Until we've honestly discussed, confronted and sought to resolve this difference in perspective, a fusion of Socialist Alliance and Socialist Alternative would be an ultimately negative thing.
Which areas of work we chose to involve ourselves in is a tactical question and shouldn't be generalised too much outside of the specific contexts, but we should assess our priorities, demands and areas of work based on their actual power to mobilise the masses, not simply seek as a party to open every door and hope to stumble on the right one. On this I wholeheartedly agree with Liam's PCD, “'Having a go' or political thinking?”, in which he says we must invest in “patient work building up our forces, and building up particular movements and struggles that are where we believe our work to be best suited”.
Trying to do everything, or too many things, to “give it a go” and show our moral support for an issue or movement does a disservice to ourselves for not leaving time to build our own organisation into a more effective fighting force. It also does a disservice to every single movement or area of work we relate to for not leaving time to take our work in that area seriously, research and educate ourselves to provide a clear and nuanced understanding in the movement groups or to those we are seeking to convince, and cohere our membership into a focused force. We cannot “support the organisation of the working class, for their own interests, as an end in itself”, as comrade Ben Courtice describes it, if we are not working in the most effective and coordinated way possible.
This isn't an absolute problem in the Alliance and varies from branch to branch, but I feel that in some branches and nationally we have not been effective enough in this kind of sober-minded assessment and prioritising. Comrade Dave Riley has clarified through informal discussion that the point he was making was the Alliance doesn't boycott particular movements in the way other socialists do. This is certainly true, and I can't imagine Alliance comrades ever falling back on calling a movement “right wing” in order to justify such an abstention as other socialists have. However, Liam makes a case that I agree with that the Alliance needs to get better at not doing things if we want to get better at doing things.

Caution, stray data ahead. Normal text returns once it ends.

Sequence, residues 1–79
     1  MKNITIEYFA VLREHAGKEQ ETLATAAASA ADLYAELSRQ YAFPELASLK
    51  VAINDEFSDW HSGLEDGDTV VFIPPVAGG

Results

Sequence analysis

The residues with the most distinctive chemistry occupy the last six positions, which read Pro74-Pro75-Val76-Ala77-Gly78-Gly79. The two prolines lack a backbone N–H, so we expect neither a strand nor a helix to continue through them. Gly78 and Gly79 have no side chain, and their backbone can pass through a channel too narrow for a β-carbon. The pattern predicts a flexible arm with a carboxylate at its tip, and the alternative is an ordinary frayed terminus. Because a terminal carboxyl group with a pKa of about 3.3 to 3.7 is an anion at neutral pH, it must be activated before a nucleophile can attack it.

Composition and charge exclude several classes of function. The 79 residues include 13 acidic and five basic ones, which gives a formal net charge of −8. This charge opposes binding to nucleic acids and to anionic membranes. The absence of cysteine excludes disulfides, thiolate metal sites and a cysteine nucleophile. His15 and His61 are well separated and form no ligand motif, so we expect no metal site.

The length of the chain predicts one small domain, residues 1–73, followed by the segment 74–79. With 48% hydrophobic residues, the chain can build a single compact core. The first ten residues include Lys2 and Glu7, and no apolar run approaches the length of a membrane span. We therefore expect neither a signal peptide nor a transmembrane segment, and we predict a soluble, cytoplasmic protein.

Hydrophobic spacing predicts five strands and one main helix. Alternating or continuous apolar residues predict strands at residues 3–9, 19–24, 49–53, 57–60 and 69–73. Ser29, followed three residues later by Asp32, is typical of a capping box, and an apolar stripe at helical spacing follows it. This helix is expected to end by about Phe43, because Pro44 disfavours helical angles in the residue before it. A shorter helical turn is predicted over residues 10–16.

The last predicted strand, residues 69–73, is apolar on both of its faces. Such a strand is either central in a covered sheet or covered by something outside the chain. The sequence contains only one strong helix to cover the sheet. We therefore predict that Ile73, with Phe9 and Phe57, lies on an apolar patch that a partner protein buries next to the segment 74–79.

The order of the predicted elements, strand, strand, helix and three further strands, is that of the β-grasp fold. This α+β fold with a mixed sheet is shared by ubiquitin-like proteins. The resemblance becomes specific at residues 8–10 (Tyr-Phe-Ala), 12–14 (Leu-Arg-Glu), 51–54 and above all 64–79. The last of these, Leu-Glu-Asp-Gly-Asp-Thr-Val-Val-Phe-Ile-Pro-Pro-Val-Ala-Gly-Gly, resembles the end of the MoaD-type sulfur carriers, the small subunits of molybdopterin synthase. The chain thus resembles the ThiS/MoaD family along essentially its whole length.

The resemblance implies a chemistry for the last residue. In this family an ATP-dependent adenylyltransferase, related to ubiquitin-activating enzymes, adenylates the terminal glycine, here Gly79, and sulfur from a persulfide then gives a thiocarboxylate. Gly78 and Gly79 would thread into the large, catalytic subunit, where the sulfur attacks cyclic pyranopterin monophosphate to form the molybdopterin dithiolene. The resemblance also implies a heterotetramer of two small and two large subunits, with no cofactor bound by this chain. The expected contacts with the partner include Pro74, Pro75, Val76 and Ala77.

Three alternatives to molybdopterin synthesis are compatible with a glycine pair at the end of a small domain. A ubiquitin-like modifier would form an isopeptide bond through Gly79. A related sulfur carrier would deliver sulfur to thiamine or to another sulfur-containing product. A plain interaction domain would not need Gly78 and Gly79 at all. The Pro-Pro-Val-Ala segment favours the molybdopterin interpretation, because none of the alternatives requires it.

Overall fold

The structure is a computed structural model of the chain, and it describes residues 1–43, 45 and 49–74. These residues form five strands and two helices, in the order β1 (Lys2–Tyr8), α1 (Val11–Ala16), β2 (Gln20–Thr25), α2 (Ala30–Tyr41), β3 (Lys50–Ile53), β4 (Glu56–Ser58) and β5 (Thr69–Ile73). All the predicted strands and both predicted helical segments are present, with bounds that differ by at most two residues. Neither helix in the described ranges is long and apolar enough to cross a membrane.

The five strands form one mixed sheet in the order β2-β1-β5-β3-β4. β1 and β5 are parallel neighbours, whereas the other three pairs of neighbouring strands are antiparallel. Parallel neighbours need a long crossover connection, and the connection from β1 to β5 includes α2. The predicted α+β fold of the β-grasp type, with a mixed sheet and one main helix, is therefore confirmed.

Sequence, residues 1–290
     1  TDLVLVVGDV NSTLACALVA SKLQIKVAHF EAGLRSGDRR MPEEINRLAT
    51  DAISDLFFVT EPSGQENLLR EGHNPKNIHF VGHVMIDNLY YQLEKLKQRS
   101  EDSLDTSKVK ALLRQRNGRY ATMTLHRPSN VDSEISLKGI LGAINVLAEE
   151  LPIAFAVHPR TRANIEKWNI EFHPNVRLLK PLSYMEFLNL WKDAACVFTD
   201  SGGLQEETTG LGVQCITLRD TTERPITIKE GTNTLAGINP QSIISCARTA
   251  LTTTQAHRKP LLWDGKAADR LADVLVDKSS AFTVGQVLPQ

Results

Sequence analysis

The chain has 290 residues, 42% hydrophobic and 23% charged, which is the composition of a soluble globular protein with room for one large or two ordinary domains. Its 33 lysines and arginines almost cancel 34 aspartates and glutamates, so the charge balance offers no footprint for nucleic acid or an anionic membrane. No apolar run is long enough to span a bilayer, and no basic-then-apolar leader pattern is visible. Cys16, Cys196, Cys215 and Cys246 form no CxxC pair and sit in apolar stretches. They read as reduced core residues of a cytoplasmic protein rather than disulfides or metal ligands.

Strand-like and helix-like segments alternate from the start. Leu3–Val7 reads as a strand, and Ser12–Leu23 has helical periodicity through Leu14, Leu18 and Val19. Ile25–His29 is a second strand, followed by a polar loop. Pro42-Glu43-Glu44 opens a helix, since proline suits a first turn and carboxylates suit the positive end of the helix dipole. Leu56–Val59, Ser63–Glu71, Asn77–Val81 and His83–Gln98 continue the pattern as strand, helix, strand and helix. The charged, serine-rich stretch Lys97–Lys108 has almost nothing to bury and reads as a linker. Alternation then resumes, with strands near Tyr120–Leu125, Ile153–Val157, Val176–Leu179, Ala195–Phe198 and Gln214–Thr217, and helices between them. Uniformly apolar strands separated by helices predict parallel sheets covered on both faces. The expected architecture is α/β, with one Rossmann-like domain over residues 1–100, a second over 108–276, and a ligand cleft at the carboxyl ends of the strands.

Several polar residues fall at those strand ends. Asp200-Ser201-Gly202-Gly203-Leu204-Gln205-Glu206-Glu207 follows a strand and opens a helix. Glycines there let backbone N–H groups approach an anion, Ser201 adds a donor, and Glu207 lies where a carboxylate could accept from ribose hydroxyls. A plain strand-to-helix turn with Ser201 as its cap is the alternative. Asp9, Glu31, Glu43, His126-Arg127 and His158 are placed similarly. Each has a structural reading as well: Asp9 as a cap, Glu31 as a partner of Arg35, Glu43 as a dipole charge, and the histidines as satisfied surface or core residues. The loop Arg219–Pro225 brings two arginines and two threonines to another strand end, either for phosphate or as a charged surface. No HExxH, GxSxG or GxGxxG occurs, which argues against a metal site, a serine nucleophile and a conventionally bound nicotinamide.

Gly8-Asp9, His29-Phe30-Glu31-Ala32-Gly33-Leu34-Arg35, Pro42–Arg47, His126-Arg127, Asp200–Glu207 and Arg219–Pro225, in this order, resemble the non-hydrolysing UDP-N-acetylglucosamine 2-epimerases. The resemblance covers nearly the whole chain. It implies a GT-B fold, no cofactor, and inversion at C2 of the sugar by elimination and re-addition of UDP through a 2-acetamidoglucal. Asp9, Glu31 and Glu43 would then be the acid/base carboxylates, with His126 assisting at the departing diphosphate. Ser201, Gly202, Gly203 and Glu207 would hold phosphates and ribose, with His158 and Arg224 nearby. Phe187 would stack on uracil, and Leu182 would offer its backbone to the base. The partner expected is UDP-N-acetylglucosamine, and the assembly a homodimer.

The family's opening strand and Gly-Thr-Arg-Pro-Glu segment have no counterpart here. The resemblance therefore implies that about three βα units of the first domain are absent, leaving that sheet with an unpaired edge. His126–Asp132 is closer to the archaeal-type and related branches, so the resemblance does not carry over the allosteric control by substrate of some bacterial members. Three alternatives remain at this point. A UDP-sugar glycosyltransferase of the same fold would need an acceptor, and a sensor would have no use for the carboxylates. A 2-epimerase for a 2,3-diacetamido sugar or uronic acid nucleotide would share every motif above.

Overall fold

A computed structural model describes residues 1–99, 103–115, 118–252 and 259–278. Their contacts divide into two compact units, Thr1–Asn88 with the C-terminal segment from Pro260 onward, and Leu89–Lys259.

Does this mean prohibiting or attempting to block our members from participating in movements? Of course not. Not only is simply giving members instructions like this a top-down approach but it's also not the best way to engage with members who have passions for particular issues. Regularly going through a real and thorough process of discussing the politics and potential of different movements, involving the whole branch, or national organisation, and coming up with a broad picture of our priorities, is the only way people can actually feel ownership over our priorities and decisions, and be convinced of the need to commit at least some their activist energy to the common project.
Points 1 and 2 in the contribution “For a better organised and activist membership” by Comrade Pip Hinman, which identifies that real work must be invested into our democratic structures to make the most out of them, are essential for this process. Hopefully taking such steps will help us to reinvigorate our culture of honest, patient and comradely discussion, where ideas advanced by less experienced members aren't shot down or responded to with lectures by those who have been in the struggle for longer. My experience of different left groups is that this culture is one of the Alliance's real points of differentiation and real strengths over others, but we must constantly reaffirm and reapply it.